Abstract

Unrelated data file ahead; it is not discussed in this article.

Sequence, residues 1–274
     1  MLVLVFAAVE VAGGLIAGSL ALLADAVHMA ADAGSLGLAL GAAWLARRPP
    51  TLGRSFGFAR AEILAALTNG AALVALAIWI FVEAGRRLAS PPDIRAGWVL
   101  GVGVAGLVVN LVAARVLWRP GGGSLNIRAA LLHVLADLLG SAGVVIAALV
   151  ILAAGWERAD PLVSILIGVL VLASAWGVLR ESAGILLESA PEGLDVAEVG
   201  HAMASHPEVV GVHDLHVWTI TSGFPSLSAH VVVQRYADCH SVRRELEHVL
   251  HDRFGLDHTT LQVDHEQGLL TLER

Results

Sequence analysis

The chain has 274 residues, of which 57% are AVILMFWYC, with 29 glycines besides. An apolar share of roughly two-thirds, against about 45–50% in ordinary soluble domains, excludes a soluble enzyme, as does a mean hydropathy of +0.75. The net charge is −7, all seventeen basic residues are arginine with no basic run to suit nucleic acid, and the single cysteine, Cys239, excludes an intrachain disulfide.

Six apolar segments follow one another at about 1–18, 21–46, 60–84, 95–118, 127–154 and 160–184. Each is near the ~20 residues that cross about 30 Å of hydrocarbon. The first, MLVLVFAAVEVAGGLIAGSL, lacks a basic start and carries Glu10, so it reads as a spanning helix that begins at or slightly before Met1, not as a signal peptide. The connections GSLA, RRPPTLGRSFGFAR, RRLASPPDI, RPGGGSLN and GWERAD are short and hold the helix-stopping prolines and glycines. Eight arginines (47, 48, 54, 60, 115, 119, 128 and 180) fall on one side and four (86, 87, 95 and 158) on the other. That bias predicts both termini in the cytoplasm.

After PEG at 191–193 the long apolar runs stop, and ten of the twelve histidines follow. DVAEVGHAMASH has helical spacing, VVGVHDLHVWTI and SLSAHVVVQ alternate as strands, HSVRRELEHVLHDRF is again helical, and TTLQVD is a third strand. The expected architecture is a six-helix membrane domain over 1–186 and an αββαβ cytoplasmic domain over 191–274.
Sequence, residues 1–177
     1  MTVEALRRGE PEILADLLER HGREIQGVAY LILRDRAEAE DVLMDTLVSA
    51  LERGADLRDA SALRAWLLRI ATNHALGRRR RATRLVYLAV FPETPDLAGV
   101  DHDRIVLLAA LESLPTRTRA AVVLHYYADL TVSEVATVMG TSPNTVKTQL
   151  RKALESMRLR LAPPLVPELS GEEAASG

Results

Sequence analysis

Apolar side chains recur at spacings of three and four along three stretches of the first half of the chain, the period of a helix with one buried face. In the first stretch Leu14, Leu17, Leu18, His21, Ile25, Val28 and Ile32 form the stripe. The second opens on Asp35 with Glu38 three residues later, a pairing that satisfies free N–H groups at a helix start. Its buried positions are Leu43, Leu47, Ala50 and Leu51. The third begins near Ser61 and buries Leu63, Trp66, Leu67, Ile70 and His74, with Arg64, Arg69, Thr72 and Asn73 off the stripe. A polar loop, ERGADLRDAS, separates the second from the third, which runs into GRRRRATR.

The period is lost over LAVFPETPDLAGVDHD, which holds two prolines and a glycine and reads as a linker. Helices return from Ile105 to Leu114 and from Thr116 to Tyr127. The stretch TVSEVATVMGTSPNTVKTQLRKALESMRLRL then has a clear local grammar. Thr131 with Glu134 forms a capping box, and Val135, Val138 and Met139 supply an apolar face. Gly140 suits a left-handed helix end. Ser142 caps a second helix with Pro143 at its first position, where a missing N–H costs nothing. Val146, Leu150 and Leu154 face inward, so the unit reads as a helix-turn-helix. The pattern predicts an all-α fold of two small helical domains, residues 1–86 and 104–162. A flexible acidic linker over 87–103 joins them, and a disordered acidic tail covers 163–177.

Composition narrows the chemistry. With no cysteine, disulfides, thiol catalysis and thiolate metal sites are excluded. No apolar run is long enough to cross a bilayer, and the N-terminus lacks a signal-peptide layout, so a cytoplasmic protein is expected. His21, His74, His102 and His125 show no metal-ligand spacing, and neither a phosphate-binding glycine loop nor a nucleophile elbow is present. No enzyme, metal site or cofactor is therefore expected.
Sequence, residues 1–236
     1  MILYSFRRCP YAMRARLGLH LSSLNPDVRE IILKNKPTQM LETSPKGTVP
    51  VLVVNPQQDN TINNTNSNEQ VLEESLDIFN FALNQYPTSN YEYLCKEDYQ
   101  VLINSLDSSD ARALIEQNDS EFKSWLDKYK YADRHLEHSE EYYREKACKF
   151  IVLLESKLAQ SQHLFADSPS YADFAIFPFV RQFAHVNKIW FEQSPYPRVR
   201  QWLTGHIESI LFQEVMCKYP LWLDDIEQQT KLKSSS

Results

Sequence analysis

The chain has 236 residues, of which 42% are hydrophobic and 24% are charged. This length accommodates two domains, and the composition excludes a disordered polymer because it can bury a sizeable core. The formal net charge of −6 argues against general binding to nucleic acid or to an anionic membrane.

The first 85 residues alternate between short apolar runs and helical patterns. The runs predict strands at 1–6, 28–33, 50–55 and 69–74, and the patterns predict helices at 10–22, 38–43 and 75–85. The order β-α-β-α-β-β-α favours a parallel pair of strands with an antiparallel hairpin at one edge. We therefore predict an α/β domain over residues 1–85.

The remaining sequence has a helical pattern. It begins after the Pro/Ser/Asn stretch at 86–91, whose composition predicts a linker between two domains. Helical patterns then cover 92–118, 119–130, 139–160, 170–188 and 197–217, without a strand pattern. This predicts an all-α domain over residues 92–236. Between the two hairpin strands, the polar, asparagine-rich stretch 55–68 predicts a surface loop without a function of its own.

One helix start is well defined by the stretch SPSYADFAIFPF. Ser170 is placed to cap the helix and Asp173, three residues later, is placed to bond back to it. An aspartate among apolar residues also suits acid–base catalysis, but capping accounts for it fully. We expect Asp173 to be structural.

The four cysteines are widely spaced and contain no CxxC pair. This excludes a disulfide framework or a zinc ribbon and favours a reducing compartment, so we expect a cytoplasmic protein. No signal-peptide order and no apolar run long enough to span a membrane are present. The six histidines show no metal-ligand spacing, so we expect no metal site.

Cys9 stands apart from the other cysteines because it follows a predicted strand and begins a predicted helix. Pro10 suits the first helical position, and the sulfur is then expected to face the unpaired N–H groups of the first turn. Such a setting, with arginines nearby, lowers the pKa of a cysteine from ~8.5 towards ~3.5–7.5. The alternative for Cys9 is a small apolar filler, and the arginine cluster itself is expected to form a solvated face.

Because of age-related changes in sleep patterns, older adults may get less sleep than the recommended amount and experience decreased performance in daytime activities as a result. This article examines the evidence for the effectiveness of interventions within the scope of occupational therapy addressing sleep. Thirteen Level I studies met inclusion criteria and were categorized into three themes: (1) one-to-one single-component interventions, (2) one-to-one multicomponent interventions, and (3) group multicomponent interventions. Strong evidence supports cognitive–behavioral intervention strategies for older adults that include relaxation, sleep hygiene education, problem solving, and physical exercise, among others, delivered one to one or in a group. Routine use of these interventions is recommended.

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